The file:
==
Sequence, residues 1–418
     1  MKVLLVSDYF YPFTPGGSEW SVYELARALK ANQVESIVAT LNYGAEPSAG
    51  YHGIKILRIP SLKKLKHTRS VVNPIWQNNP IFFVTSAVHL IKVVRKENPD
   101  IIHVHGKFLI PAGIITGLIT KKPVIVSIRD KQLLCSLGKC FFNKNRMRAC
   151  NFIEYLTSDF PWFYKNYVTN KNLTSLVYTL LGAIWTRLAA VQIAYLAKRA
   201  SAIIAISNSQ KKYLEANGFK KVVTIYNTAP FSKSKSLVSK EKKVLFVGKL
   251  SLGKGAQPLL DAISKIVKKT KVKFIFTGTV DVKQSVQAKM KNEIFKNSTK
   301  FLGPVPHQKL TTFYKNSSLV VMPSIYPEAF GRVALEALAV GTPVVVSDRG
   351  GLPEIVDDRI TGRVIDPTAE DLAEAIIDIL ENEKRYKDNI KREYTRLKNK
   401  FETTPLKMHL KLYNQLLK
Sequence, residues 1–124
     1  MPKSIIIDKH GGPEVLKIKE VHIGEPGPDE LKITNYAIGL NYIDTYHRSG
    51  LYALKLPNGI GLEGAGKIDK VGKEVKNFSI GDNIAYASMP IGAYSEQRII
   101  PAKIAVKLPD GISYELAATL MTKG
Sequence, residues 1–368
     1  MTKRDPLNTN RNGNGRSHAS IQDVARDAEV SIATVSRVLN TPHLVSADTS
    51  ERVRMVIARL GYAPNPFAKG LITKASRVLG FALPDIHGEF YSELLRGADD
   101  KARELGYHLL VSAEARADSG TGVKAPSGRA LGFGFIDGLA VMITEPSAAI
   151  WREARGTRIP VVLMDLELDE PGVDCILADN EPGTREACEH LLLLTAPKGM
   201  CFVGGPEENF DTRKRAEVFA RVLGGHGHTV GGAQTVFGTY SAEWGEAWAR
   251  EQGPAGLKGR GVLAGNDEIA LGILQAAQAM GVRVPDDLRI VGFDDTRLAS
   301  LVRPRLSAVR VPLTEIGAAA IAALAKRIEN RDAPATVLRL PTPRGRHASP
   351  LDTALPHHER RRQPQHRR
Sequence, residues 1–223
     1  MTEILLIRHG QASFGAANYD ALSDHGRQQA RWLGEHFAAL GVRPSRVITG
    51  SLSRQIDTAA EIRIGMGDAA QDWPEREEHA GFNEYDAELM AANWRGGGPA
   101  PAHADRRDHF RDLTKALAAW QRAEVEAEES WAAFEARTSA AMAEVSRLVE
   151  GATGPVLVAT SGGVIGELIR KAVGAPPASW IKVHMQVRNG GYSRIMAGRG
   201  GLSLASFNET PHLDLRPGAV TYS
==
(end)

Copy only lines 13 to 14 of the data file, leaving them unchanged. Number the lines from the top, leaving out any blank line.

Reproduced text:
    51  LYALKLPNGI GLEGAGKIDK VGKEVKNFSI GDNIAYASMP IGAYSEQRII
   101  PAKIAVKLPD GISYELAATL MTKG